2.2 Fundamental Value Proposition

The second viewpoint we would like to raise is the 'Fundamental Value Proposition of Core Information Media for a Region or a Community'.

When we consider the value propositions of market players regarding 'Web and TV', a suitable approach for them is to let the market decide. However, when you look at the value proposition of core information media in a region or a community, market forces may be applied in some ways but are insufficient in others. Core information service is a universal service and must cover at least 97% of a region or a community. Additionally, core information media should contain services for regional risks such as natural disasters and wars. However, making a service universal is costly and does not allow companies to maximize profits, and so decisions made by the market do not serve the long-term safety and security interests of a region or a community well.

3. Prerequisite 1 : Reassessing the Bias in HTML5 to Unleash the Potential of the Web

3.1 Bias in HTML5

As clearly stated in W3C's "Hyper Text Markup Language Version 5" working draft, HTML5 is biased towards HTTP as its transport protocol; and since HTTP is standardized as an internet application-layer protocol in IETF, it's clear HTML5 is biased towards the Internet as its transport layer and system. HTML5 is a document markup language, which means it is theoretically free of a tranport layer from a layered architecture point of view.

We, the contributors, are not dissatisfied with the bias. It has been relevant in the development of the history of the Web and will remain relevant in the development of standards going forward. Historically, Tim Berners-Lee invented the World Wide Web on top of the existing Internet in 1989. Additionally, he published the specifications of both HTML and HTTP. In terms of developmental efficiency, assuming a specific protocol for adjacent layers is a good way to develop a standard while at the same time avoiding excessively abstract discussions on the standard.

3.2 Reassessing the Bias to Unleash the Potential of the Web

Generally speaking, once a good standard has been developed by assuming specific protocols for adjacent layers, it is time to eliminate the bias and take into account other protocols to improve the standards. However, HTML5 and HTTP have been so strongly bound that eliminating the bias is counter productive. Nonetheless, reassessing the scope of the transport layer would help unleash the full potential of the Web.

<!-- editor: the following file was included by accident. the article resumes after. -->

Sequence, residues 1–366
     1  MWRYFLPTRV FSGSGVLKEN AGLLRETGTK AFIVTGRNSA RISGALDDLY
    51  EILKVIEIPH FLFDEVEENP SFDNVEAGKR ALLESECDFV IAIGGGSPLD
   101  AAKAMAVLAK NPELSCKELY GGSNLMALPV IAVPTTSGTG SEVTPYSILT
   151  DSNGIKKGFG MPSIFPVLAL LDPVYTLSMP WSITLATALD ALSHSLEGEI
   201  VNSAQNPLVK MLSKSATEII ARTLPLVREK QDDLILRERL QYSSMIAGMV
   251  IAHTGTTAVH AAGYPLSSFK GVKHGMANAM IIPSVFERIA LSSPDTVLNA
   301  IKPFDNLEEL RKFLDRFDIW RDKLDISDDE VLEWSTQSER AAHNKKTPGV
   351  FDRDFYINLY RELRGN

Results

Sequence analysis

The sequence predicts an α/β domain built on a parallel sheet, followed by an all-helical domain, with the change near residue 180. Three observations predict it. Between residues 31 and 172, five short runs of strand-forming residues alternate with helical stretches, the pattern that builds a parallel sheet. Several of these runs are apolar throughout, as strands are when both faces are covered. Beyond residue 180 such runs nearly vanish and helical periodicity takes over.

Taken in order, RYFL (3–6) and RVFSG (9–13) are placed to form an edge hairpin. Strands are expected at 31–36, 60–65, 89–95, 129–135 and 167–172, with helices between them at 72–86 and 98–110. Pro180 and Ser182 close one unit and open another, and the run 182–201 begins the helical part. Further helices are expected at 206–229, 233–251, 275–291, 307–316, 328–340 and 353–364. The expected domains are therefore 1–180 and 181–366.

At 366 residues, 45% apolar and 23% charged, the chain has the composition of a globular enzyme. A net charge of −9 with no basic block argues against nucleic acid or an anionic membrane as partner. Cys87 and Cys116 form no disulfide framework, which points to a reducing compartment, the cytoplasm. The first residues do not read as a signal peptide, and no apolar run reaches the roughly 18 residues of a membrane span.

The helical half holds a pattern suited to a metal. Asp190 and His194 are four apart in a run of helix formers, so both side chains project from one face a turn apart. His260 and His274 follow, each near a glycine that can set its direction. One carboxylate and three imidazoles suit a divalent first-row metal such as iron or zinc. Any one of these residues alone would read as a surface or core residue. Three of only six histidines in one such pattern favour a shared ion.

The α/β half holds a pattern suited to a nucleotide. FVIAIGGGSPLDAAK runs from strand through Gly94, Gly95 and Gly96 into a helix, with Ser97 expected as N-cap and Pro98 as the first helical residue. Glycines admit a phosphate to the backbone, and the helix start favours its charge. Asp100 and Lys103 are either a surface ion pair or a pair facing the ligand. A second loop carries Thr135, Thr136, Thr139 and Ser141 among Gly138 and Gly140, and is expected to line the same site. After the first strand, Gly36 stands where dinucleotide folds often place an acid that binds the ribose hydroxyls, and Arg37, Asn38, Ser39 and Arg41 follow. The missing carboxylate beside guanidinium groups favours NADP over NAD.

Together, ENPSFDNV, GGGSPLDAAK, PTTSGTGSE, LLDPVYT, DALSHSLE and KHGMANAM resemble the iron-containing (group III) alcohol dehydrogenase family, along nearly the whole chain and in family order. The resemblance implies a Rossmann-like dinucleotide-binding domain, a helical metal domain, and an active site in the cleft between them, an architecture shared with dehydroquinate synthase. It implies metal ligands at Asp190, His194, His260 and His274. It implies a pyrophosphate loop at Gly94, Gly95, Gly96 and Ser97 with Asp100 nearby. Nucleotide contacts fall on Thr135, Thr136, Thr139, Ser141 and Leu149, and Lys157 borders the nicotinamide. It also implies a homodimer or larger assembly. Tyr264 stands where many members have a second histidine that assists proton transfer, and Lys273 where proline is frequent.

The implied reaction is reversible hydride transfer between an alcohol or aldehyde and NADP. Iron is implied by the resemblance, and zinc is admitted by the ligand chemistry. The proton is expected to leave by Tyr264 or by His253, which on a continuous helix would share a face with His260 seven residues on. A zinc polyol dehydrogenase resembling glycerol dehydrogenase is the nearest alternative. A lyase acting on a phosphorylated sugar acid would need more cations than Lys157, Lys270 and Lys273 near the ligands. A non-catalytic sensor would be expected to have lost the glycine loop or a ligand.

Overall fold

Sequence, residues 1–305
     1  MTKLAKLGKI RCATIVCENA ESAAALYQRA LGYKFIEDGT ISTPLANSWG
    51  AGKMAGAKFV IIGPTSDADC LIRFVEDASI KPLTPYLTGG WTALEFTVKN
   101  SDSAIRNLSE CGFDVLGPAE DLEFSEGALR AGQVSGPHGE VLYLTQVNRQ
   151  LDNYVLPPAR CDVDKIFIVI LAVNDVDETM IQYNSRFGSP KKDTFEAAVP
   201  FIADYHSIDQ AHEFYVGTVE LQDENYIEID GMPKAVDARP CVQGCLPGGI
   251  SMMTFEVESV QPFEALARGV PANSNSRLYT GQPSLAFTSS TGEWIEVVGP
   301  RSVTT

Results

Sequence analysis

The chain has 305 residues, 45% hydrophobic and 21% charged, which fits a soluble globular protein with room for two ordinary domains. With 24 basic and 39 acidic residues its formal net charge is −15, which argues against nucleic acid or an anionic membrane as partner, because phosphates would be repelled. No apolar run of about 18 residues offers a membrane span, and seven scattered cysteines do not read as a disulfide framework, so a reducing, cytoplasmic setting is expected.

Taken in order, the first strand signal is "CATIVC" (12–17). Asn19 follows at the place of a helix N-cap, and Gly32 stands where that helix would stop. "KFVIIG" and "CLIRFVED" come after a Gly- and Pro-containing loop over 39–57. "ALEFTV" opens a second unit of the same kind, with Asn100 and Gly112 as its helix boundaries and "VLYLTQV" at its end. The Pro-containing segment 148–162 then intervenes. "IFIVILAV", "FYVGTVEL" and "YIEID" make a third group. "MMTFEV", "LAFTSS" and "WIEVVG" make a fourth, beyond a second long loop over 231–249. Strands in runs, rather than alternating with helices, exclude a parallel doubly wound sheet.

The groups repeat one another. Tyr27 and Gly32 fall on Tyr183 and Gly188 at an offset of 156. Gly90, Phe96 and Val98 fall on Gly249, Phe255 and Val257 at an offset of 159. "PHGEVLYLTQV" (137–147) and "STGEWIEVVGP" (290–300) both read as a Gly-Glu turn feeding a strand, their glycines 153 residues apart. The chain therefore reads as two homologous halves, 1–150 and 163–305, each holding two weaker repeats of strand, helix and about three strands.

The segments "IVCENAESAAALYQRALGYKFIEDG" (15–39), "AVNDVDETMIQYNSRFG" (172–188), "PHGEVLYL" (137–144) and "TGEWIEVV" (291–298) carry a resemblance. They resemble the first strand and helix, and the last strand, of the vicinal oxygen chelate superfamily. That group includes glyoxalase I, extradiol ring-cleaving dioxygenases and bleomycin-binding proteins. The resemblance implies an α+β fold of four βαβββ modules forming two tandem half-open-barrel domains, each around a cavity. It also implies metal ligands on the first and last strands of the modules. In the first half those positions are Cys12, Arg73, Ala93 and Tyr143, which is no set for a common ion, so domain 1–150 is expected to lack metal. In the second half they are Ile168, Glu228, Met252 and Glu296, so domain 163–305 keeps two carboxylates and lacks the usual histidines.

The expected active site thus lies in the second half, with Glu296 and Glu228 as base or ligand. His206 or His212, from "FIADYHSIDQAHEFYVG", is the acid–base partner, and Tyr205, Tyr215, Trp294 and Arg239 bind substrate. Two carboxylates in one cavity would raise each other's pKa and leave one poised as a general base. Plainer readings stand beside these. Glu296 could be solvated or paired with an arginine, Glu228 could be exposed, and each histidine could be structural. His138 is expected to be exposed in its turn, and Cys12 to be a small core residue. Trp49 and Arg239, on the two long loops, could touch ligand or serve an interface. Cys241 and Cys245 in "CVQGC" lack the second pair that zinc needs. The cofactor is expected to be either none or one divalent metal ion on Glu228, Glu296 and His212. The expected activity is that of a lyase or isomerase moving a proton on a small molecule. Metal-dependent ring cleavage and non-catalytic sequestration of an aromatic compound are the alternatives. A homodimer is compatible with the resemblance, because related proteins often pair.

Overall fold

Because broadcasting is currently the other large transport infrastructure, we should not ignore it, nor should we avoid it. We need to recognise that 'Broadcasting and the Web' is a key concept that both web and broadcasting people should always bear in mind when considering media. Therefore from the viewpoint of standardization, the two important objectives are, 1. HTML5 interfaces for broadcasting and, 2. broadcasting specifications for HTML5. Setting these two standards will lead to a smarter combination of Broadcasting and the Web that will, once again, help us unleash the full potential of the Web.

4. Prerequisite 2 : Understanding Social Needs for Core Information Media

The social needs for core information media for a community or a region are universal from the viewpoint of time and space, history, and geography.

An early example of core information media and universal service is the postal system of 16th and 17th century Europe. Publishers recognised the power of the postal system and at the same time through the use of the Gutenberg press increased their output. They then began a relationship with the postal system to distribute newspapers across the countries of Europe. This is the first example of media "broadcast" nation-wide.